Kinetic research propels career paths
Malaika Alphons’ Summer Undergraduate Research Apprenticeship (SURA) could serve her as a chemical or biomedical researcher.
Malaika Alphons always believed that studying chemical and biomedical engineering would lead to a job as an engineer in industry, but her experience last summer working in Robert Tilton’s thermodynamics lab has added research and development to her list of employment options.
It was a really good experience. It was different from working in classroom labs, and there was a lot of critical thinking and problem solving required.Malaika Alphons, Undergraduate student, Chemical Engineering
She reached out to Tilton, a chemical engineering professor, after having been a student in his thermodynamics class. She was brought onto the team and received tuition-free elective credit for the work through the Summer Undergraduate Research Apprenticeship (SURA) program.
“It was a really good experience. It was different from working in classroom labs, and there was a lot of critical thinking and problem solving required,” said Alphons.
Her work in the lab was to experimentally determine the kinetics of particle adhesion to a surface in varied polymer and surfactant concentrations, which are commonly used in consumer goods like shaving cream and styling mouse.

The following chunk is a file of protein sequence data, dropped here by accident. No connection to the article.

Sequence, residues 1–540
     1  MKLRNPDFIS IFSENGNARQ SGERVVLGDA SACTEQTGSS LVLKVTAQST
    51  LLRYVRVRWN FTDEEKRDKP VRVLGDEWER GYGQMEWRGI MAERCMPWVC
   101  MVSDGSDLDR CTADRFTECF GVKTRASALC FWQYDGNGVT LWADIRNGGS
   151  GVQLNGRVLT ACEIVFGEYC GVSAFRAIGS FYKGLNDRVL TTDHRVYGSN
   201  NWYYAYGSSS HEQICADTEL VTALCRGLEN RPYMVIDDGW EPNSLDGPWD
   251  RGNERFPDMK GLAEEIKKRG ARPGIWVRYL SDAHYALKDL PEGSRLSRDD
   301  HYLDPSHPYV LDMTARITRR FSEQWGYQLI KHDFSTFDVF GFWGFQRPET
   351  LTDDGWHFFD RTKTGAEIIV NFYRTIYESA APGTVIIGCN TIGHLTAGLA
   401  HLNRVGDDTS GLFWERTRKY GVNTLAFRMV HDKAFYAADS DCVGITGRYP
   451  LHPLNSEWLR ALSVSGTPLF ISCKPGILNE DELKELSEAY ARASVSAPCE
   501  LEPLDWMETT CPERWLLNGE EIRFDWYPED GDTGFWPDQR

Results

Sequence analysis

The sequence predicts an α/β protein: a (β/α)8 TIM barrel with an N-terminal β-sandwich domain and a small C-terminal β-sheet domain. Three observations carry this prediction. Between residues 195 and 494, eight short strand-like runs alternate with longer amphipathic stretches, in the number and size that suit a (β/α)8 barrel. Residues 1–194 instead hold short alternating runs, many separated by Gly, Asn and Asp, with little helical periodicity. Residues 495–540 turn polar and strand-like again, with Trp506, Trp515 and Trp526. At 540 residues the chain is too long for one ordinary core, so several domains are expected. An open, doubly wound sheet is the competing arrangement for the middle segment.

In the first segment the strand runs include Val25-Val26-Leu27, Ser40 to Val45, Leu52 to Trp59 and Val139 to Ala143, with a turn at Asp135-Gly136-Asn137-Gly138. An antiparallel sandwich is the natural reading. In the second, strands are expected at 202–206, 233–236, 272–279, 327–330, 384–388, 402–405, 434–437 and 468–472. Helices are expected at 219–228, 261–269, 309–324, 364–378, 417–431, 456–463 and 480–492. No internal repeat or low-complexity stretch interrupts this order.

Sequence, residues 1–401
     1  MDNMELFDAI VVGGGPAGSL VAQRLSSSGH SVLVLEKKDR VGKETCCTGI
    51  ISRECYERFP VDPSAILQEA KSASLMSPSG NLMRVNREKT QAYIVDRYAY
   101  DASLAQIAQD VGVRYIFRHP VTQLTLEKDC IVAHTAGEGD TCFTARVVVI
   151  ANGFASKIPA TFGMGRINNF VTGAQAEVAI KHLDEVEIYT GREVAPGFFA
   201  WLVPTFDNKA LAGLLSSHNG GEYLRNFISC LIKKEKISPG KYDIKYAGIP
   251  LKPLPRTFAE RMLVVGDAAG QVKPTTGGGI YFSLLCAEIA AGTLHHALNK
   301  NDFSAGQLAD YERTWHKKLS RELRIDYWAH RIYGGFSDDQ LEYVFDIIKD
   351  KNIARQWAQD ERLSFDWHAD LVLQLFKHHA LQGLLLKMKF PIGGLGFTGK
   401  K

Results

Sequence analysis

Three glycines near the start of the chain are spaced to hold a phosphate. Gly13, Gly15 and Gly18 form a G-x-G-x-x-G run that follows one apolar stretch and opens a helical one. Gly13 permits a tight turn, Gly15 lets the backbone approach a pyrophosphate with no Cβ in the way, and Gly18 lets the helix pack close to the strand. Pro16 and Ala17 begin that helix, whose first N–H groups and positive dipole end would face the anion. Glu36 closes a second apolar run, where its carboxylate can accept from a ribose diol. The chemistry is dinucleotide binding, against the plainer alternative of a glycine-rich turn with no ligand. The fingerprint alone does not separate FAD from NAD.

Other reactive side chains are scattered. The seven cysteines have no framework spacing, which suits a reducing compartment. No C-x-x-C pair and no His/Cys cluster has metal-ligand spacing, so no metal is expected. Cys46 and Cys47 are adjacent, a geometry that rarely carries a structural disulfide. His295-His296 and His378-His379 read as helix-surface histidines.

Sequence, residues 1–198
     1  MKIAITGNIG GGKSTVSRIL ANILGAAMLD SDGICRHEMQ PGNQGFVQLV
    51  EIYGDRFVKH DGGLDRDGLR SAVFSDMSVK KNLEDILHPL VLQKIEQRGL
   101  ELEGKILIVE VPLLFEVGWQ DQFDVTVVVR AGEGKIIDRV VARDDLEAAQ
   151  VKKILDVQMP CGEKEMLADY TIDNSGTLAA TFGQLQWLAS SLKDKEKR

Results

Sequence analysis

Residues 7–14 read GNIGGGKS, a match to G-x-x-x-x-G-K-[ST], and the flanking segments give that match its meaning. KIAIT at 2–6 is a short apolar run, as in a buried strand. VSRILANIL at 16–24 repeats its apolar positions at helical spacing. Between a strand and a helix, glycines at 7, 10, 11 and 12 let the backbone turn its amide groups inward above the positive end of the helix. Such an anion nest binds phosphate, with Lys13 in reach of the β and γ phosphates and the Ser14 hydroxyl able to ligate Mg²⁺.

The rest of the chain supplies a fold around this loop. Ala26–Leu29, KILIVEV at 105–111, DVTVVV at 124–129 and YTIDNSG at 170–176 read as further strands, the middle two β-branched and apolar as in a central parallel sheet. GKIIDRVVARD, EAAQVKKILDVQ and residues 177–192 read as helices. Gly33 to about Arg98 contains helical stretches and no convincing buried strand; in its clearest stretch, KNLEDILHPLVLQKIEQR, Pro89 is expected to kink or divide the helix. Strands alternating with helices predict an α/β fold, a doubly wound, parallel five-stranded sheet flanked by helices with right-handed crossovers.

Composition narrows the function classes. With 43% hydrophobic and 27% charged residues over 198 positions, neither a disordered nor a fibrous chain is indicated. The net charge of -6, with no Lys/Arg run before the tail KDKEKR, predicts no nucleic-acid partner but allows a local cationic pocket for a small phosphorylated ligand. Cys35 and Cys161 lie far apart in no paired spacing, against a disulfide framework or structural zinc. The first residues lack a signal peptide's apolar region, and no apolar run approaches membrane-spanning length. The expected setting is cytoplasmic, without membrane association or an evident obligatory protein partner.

She would run several mixtures through microfluidic channels, examine them under the microscope, and take several pictures of each experiment over a timescale of a few hours. She got to also analyze the images and develop methods to measure adhesion in particles per unit area. Her findings showed what amount of polymer added to a solution with surfactant caused the particle adhesion to be inhibited, and that polymers without surfactant did not cause adhesion.
She said that both Tilton and her mentor, doctoral student Angela Yang, encouraged her to take ownership of which strategies to use in the analysis and documentation.
“They provided guidance but also let me try to figure it out on my own, which helped me realize what I was capable of,” said Alphons.
They provided guidance but also let me try to figure it out on my own, which helped me realize what I was capable of.Malaika Alphons, Undergraduate student, Chemical Engineering
She plans to secure an internship this coming summer working in industry to help further determine what route to take when she graduates in 2024.